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I’m Georgiana; founder of SpeakEnglishPodcast.com. My mission is to help YOU speak English fluently.
In today’s episode:
- I’ll talk again about the most common business expressions.
- Later, you’ll practice your English speaking with a funny story with questions and answers.
Awesome! Let’s get started!
- A long shot
If you describe a solution to a problem as a remote possibility, it means there is little chance of success, but you think it’s worth a try. The idiom originates from the concept of a shot at a target from a great distance, therefore difficult to make.
“You could try to find that mysterious man. It’s a long shot, but you could start surfing the internet.”
- To go broke
If you go broke, you experience a financial collapse. You’ll lose most or all of your money.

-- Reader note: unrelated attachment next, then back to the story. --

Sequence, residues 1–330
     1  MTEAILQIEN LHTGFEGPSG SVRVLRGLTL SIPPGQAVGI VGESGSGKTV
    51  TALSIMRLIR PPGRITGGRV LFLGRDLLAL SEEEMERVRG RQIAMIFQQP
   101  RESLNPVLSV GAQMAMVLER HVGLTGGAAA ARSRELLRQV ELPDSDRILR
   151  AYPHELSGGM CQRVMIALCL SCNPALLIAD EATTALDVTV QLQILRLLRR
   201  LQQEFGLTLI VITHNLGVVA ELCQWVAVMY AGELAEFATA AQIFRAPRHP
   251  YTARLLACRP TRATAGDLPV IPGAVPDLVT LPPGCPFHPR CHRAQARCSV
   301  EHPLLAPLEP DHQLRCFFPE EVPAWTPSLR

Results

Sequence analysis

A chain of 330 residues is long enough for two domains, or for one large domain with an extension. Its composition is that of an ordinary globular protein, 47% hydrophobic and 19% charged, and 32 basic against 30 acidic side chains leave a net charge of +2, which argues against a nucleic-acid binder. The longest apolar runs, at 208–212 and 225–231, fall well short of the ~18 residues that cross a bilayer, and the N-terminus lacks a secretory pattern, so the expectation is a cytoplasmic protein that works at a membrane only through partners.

“Our company is going to go broke anytime unless you stop spending money foolishly.”
- Start from scratch
The meaning of this expression is to start doing something over from the beginning. The root of the expression comes from races in which the scratch line was the starting point and wouldn’t offer any advantage to anyone. Disabled people would be given shorter distances to run, but they would always start from scratch.
“The company expects me to start from scratch and redo the entire task because I missed a key point.
- Down the drain
This metaphoric term refers to water going down a drain and being carried off.
If something is going down the drain, it means that it’s getting worse or being destroyed and it’s unlikely to recover.
“Everything’s ruined. My big plans, my great company. All those years of work are down the drain.”
- Go Out of Business
When a company goes out of business, or something puts it out of business, it stops operating, especially because of financial problems.
“Highest interest rates can drive small companies out of business.“
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